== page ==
Four independent stories follow. "The Dream of Macsen Wledig" and "Llud and Llefelys" are short tales. Macsen Wledig is Magnus Maximus, a 4th-century Roman commander in Britain, who invaded Gaul and ousted the Emperor Gratian. Llud and Llefelys are brothers who free Britain from three plagues.

The most primitive of all the stories is "Culhwch and Olwen". Culhwch, set on winning Olwen, the Giant's daughter, seeks help at Arthur's court. Arthur is here a wild warrior-chief, and has an enormous retinue with supernatural attributes. His chief companions are Bedwyr and Cei. The giant sets Culhwch a bizarrely long list of impossible tasks: he must get supernatural help to obtain everything for the wedding feast and also the equipment to shave the giant, including the comb and shears from between the ears of the boar Twrch Trwyth. A fantastic expedition scours Britain in pursuit of these items; it involves the discovery of the oldest animal and the release of the god Mabon, the Son, from age-old Bondage. (There are signs of missing episodes – tasks not accomplished, helpers not used.) The giant is brutally shaved, then beheaded.

"The Dream of Rhonabwy" begins in a filthy hall. Rhonabwy Dreams himself back to heroic times (i.e., Timeslips). At Arthur's camp he witnesses a game of gwyddbwyll (a boardgame) between Arthur and Owein. Arthur refuses to stop playing, though his men are wounding Owein's ravens. Owein orders his standard raised. His ravens slaughter Arthur's warriors. He in turn plays on, until Arthur crushes the gaming pieces. Thus Arthur's Saxon enemies are defeated.

The last three romances are of later origin. The context is Norman-French; the tales no longer show detailed knowledge of the topography of Britain, and characters and adventures follow stock patterns. Similar stories appear in Chrétien de Troyes's 12th-century Yvain, Perceval and Erec. Both probably draw on earthier British originals.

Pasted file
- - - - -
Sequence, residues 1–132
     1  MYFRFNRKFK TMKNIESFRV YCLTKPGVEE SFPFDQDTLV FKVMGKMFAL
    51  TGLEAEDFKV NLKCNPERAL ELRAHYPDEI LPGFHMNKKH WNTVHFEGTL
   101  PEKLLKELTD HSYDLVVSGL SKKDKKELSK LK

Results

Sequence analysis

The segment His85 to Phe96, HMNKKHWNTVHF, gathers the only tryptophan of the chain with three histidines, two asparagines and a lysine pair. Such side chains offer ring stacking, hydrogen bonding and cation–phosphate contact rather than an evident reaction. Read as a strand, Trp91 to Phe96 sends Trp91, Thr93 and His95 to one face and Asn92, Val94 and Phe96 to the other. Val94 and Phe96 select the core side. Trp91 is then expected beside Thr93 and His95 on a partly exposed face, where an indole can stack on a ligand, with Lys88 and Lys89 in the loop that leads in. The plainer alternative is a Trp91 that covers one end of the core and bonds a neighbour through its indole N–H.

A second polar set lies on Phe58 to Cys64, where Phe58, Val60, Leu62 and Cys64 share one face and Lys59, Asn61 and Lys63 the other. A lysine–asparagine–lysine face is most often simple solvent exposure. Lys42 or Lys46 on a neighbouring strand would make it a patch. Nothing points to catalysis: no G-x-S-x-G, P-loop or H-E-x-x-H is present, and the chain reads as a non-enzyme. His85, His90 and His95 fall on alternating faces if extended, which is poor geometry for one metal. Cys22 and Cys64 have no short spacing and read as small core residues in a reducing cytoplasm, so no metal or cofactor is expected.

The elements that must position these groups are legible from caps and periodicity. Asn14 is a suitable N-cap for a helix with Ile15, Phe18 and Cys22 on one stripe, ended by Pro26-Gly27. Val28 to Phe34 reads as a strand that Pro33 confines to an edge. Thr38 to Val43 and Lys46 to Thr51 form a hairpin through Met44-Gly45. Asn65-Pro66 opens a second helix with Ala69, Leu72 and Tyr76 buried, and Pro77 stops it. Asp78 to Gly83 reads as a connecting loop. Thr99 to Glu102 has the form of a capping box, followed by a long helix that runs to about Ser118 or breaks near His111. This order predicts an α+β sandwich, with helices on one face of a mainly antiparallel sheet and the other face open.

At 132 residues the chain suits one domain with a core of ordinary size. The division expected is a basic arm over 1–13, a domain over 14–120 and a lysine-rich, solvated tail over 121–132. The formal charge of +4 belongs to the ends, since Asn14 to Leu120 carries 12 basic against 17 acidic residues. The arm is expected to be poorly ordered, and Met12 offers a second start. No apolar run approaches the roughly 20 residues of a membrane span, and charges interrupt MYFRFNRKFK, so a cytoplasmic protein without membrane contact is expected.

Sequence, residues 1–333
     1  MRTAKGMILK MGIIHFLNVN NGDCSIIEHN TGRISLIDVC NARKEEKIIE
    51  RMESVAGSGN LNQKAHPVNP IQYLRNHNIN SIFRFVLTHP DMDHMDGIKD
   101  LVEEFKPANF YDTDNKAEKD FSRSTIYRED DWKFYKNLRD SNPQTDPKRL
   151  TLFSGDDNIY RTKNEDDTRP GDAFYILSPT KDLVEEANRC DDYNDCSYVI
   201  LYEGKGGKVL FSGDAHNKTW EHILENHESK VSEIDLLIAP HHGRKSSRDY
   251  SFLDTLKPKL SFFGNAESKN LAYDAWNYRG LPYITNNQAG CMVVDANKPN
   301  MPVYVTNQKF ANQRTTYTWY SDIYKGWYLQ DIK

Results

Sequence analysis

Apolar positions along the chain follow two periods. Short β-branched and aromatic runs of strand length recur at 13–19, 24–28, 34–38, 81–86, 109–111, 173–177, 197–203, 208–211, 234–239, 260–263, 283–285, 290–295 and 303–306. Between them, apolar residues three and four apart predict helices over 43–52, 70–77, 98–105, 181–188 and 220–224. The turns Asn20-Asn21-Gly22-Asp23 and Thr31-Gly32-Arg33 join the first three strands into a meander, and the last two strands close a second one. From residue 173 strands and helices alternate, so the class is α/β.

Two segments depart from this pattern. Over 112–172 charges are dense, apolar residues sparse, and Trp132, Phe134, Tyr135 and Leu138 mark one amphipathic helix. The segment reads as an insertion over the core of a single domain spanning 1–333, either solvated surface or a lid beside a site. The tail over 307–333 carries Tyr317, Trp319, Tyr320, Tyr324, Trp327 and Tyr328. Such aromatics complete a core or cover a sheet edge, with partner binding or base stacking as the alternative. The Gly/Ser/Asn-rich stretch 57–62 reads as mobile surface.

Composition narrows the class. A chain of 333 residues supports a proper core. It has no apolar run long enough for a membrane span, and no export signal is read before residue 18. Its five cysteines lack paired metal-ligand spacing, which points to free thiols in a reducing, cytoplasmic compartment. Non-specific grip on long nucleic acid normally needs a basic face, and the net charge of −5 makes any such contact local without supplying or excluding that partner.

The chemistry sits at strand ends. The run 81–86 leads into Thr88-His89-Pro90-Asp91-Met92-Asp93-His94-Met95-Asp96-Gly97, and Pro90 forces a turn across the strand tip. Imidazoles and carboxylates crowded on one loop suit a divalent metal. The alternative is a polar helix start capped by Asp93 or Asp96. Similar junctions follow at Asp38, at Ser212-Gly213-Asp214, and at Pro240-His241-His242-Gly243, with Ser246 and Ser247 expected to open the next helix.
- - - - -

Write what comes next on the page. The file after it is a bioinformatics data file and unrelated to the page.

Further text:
In "The Lady of the Fountain" Owein meets the Lord of the Animals. Well-water thrown on a stone summons a champion. Owein pursues him, but is trapped. The maiden Luned rescues him with a magic Ring. When the knight dies, Owein marries the Lady. Shamed for failing his promise to return from Arthur's court, he runs mad in the forest. Eventually he rescues Luned from death and is restored to the Lady.

"Peredur, Son of Efrawg" introduces the Grail hero Peredur/Perceval. His mother tries to keep him from knowledge of knighthood, but he sees three knights and determines to follow them. He is mocked at Arthur's court by Cei, but hailed as the flower of knights by Dwarfs, whom Cei abuses. (Cei, earlier a hero, is now shown as a boor. Gwalchmei [Gawain] is, by contrast, the model of a courteous knight.) Peredur leaves in anger, meets a lame king (> Fisher King), and sees a bleeding lance and a severed head on a salver borne through a hall. Often he makes mistakes through following advice literally. A hideous damsel comes to court and upbraids Peredur for not asking the meaning of the bleeding lance, by which question he could have healed the Grail king and his land. He slays the Witches who once taught him to use arms, but his story ends with the Grail king still not healed (> Healing).

"Gereint, Son of Erbin" is a Calumniated Wife tale. Gereint marries Enid, whom he has delivered from unjust impoverishment. He overhears her weeping about accusations that he is growing soft for love of her, and orders her to put on her worst dress and ride out ahead of him, without speaking. Repeatedly she disobeys, warning him of danger. He defeats his attackers, but castigates her. When their host strikes Enid for refusing his advances, Gereint rouses, kills the man and grieves that he has wronged her. In a typically Celtic final exploit, he passes through a hedge spiked with severed heads, surrounded by mist, defeats the guardian and sounds a horn hung on an apple tree to end the Enchantment. [FS]

This entry is taken from the Encyclopedia of Fantasy (1997) edited by John Clute and John Grant. It is provided as a reference and resource for users of the SF Encyclopedia, but apart from possible small corrections has not been updated.